So, while The Walking Dead is an excellent show, it seems to also have come at a time when people can relate to its fears. The economic crisis has left many regular folks in foreclosure and out of work. Those that haven't experienced it certainly worry about it and everyone has felt the monetary crunch. We've all witnessed the levee failures in New Orleans and saw how quickly things can fall apart. I think that during tough times, people relate to grimmer stories, particularly one about a group of people whose lives have changed suddenly and must struggle against insurmountable odds to make ends meet and survive. It's funny, I think Romero's Land of the Dead is a good movie about many of the very same things, but it was released just a bit ahead of the curve. Flash forward a few years, and The Walking Dead has benefited greatly from airing exactly at the right time.

ZW: You've watched almost every zombie movie out there save for the most fringe and the most obscure. Of the movies that have been released since 2008, what are your favorites?

GK: Recent films that I've also enjoyed that spring immediately to mind include Dance of the Dead (2008), The Crazies (2010) and Rammbock: Berlin Undead (2010). Thought The Cabin in the Woods (2012) was a hoot too.

I was also stunned by Juan of the Dead (2011). So many low-budget horror comedies are made and usually the results are all over the place. I thought this film was consistently hilarious, which would be enough in itself. However, in the George A. Romero tradition, this title had many levels to it, and featured a lot of satire and commentary that I wasn't anticipating. The characters are also very likable, and so by the climax you really care about them and the choices they make. It's a great little movie.

ZW: Is there any way I an convince you that Jason Voorhees is NOT a zombie. Please.

GK: I understand that many won't agree with me and it's a bit "out there," but here's where I'm coming from. 1985 was a huge year for zombie flicks. The Return of the Living Dead was a surprise smash at the box office, Re-Animator was also an indie hit and there was a lot of anticipation and press about the new Romero movie, Day of the Dead. Friday the 13th: A New Beginning had just flopped, so I don't think it's any coincidence that the producers thought, "Well, if zombies are popular right now, let's bring Jason back from the dead as a walking corpse." Admittedly, Jason doesn't eat any flesh, but otherwise, I felt that the producers were moving in a different direction and that there were definite similarities. By the time I re-watched Freddy vs. Jason, I felt like it had used major plot elements from White Zombie. Replace Freddy with Bela Lugosi (manipulating Jason as a zombie master of sorts to do his evil bidding), and you've got a real 30's zombie film vibe going. Too much for me to ignore.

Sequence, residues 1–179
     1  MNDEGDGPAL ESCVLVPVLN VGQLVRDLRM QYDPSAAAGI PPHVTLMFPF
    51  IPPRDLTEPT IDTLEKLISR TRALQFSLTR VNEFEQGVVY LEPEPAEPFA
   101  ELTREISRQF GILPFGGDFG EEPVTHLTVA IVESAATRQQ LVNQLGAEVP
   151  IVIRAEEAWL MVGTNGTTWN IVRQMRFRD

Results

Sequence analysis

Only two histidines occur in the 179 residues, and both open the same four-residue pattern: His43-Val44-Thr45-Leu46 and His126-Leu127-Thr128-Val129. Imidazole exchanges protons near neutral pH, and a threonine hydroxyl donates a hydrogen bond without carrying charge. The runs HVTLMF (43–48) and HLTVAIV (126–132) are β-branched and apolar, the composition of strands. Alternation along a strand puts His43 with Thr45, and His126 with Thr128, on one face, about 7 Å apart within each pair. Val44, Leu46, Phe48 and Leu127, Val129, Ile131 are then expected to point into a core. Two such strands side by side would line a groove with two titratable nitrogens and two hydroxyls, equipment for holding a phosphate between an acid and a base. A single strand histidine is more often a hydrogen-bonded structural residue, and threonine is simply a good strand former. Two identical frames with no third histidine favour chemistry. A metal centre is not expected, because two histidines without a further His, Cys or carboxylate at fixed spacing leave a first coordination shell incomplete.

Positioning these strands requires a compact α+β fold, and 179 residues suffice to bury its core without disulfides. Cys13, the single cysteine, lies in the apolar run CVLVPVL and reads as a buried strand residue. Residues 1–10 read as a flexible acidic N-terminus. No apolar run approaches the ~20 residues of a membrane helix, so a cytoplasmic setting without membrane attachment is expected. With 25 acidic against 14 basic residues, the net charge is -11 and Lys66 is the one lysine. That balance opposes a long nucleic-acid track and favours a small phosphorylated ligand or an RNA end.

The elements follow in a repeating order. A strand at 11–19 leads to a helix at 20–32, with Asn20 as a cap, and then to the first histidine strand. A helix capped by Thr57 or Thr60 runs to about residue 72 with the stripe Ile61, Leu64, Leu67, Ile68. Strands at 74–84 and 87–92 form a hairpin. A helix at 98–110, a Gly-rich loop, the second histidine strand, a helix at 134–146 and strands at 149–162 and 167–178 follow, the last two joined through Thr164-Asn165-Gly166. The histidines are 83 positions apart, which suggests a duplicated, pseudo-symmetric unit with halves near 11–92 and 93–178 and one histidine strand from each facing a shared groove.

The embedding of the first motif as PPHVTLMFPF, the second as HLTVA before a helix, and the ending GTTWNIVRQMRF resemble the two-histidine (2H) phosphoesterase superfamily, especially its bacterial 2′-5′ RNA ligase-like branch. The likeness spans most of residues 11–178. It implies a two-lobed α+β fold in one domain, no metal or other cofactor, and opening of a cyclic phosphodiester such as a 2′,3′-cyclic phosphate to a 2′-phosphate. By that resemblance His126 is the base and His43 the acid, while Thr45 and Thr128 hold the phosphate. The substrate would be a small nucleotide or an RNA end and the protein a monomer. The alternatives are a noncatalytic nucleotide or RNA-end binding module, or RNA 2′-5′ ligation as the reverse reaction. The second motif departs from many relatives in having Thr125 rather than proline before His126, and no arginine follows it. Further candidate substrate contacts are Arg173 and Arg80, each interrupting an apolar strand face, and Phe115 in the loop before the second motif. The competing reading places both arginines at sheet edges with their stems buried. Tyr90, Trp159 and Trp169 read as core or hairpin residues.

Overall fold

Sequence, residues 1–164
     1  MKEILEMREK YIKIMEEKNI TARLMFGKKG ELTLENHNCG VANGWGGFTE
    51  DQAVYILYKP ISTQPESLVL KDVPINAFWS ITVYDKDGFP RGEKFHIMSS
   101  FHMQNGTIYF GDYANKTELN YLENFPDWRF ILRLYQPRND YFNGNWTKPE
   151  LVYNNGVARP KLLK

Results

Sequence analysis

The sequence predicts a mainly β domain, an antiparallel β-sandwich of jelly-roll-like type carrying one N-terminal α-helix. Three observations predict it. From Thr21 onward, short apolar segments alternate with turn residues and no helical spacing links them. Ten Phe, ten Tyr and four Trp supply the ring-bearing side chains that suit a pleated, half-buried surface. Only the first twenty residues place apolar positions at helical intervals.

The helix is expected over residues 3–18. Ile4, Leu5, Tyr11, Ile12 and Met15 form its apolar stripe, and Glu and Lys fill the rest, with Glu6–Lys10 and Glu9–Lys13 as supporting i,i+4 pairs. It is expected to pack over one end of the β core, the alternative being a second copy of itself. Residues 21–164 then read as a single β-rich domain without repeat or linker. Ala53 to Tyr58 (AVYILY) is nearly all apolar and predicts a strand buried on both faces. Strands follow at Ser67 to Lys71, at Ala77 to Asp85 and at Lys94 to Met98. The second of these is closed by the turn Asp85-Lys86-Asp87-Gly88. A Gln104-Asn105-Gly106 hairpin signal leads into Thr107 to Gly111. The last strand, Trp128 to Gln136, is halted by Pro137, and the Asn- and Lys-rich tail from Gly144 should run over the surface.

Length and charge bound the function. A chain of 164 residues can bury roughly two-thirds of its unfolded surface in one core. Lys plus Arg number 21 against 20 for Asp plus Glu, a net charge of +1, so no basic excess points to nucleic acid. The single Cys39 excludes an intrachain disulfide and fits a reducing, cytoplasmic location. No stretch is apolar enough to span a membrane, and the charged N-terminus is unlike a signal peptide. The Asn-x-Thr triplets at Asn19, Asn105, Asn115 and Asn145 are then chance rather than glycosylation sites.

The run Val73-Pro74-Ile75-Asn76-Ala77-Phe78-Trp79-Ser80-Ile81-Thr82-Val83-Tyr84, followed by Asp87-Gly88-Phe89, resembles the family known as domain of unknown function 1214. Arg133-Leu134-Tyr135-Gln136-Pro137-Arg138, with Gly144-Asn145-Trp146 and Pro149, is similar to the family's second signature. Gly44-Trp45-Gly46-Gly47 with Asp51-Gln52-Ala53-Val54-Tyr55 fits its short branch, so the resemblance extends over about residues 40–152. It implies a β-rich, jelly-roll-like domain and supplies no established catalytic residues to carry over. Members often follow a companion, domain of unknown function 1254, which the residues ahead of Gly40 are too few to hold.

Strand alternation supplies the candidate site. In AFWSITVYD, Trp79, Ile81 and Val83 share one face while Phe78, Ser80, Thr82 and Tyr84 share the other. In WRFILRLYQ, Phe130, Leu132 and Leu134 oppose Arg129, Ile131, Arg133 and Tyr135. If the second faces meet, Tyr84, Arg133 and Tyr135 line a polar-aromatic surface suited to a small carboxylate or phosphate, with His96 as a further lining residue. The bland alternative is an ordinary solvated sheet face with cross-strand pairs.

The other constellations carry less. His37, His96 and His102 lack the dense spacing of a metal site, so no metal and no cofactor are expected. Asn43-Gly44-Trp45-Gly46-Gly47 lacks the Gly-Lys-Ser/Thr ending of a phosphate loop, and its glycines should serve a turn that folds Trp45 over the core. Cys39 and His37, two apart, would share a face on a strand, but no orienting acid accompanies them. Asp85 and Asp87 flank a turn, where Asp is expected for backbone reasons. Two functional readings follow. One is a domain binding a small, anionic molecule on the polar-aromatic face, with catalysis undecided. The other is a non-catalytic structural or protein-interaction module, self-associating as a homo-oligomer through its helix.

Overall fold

Of course, I can completely understand anyone who doesn't agree, and my advice is to ignore the entry if you don't classify it the same way that I do. Actually, trying to throw some alternative ideas out there is what's fun about writing about horror flicks. Nobody shares exactly the same ideas or tastes as anyone else, and without these differences, there would be little point in writing about or discussing movies. It's great to share these movies and share opinions with fans. I just hope that the book introduces people to a lot of new films so that they can make their own minds up about them!

Look for ZOMBIE MOVIES: THE ULTIMATE GUIDE (Second Edition) out now from Chicago Review Press. Glenn Kay is also the co-author of Disaster Movies: A Loud, Long, Explosive, Star-Studded Guide to Avalanches, Earthquakes, Floods, Meteors, Sinking Ships, Twisters, Viruses, Killer Bees, Nuclear Fallout, and Alien Attacks in the Cinema!!!!